In a paper for the think tank Civitas, Clark found that two people were employed while simultaneously listed as officers on the People’s Liberation Army staff, one with the Air Force Engineering University and the other with the PLA’s Strategic Support Force.
Clark also found eight individuals who worked at various Chinese military-linked institutions during their collaboration with British universities and academics, and three individuals who had previously worked at PLA institutions prior to collaboration with British universities and academics.
the times’ the article was published along with three letters calling for action to limit cooperation with high-risk institutions.
In one of the letters, Steve Tsang, who heads the China Institute at the School of Oriental and African Studies in London, urged the government to set up a scientific review body to enable “a smart decoupling” from risky partnerships, while urging universities to take action to end their dependence on income from fee-paying Chinese students.
“The Chinese Communist Party is a hostile power: it plays by no rules but its own,” warned Charles Parton, of the Rusi and Merics think tank, in another letter. “UK universities should not help their military or repression systems.”
Benedict Rogers, who heads the London-based rights group Hong Kong Watch, said in his letter to The times that “dependence on or partnership with China is extremely dangerous.”
“The grip of Xi Jinping’s dictatorship means that everyone in China is bound to do the party’s bidding,” he wrote. “This means that knowledge is transferred in ways that can strengthen China’s military expansion.”
“It also means threats to academic freedom as China exercises its influence to spread propaganda and silence dissent,” he wrote.
“I think there’s a broader question about how dependent our universities have become on Chinese students, funding and academic connections,” Rogers told Radio Free Asia in a later interview. “I think the UK government and universities now need to work together to act to stop some of these conditions.”
“We should not have relations with institutions in China that are either complicit in genocide and atrocity crimes, or with organizations that pose a threat to us.”
The Hong Kong-based China Media Project seemed to agree with him, warning in a Jan. 25 report that Chinese universities are also engaged in facilitating attempts to spread Beijing’s propaganda on overseas campuses.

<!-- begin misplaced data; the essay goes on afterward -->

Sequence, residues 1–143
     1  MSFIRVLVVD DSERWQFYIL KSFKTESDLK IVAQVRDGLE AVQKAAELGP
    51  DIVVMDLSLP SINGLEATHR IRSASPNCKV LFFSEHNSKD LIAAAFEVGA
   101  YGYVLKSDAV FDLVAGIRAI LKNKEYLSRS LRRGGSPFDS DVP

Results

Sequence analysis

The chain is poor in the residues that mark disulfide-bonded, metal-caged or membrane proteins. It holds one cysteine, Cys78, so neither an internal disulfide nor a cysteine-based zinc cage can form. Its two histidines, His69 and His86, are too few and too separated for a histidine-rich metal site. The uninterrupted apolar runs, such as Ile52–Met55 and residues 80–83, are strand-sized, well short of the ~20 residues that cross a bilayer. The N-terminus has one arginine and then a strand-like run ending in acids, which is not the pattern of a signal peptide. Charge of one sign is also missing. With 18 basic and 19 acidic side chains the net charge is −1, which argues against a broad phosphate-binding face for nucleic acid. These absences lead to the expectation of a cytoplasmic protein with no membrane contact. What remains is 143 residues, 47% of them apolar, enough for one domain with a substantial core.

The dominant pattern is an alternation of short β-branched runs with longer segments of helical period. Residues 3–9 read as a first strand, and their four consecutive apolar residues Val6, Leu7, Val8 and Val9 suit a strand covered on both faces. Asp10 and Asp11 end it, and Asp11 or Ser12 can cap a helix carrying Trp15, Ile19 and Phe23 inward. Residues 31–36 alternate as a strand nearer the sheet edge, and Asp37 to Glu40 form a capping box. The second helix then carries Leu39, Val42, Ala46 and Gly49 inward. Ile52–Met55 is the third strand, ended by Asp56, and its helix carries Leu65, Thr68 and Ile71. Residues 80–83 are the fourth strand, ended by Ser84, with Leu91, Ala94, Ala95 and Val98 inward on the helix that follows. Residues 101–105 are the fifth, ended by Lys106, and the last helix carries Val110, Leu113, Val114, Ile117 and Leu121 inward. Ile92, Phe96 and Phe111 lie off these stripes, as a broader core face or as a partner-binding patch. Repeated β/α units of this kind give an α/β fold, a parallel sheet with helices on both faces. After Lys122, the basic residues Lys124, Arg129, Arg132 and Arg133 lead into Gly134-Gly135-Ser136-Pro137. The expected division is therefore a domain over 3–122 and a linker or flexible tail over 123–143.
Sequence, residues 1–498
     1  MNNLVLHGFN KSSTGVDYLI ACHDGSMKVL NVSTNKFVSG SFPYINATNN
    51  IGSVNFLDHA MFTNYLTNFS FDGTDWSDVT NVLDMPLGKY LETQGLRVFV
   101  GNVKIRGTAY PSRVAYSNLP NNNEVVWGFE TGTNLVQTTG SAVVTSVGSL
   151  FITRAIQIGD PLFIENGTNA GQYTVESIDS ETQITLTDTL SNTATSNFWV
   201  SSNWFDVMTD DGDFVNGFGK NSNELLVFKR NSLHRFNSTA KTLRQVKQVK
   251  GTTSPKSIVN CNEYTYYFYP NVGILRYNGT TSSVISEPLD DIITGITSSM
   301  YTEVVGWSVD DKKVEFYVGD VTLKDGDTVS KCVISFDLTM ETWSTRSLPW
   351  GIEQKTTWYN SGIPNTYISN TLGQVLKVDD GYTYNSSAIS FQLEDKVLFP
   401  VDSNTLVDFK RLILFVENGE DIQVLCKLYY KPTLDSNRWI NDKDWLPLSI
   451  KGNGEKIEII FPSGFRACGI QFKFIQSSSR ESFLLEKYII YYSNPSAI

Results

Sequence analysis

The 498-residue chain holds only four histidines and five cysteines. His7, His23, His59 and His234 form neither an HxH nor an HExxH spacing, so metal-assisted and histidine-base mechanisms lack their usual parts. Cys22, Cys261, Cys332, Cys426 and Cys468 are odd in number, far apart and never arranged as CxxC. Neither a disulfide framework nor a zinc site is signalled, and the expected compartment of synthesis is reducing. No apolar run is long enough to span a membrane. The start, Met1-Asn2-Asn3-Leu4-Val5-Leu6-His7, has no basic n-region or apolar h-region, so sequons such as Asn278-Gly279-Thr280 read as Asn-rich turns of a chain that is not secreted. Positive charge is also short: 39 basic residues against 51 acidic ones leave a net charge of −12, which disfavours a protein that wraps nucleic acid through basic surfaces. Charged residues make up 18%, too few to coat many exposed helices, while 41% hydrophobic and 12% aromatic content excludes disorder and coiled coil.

“Such a scheme is already underway in China,” according to the report. “It is one of the more egregious examples of how a range of actors in the country – including high-level organs of the Chinese Communist Party (CCP), state media, local governments and universities – are responding to the top-down mandate of CCP leadership to pursue greater ‘discourse power’ around the world as a community-wide effort.”
The report by David Bandurski cited the recent establishment of the Jiangxi International Communication Research Center in collaboration with the state media parent company, China Media Group, at Nanchang Aviation University.
“The new center is an experiment in combining central CCP media and universities to carry out international communication using the university’s ‘overseas student resources,'” Bandurski wrote, citing coverage by a newspaper controlled by the Ministry of Education.
Nanchang Aviation University has cooperation agreements with more than 70 universities in 20 countries, including the United States and Great Britain.
“The existence of the new center and its utilization of programs conducted in the spirit of exchange may also mean that Chinese students in programs abroad … are recruited for government communication work unrelated to their studies,” Bandurski warned.
The Nanchang Aviation University project is likely the first manifestation of a Chinese propaganda concept known as “international communication by all,” he wrote.
Translated by Luisetta Mudie. Edited by Malcolm Foster.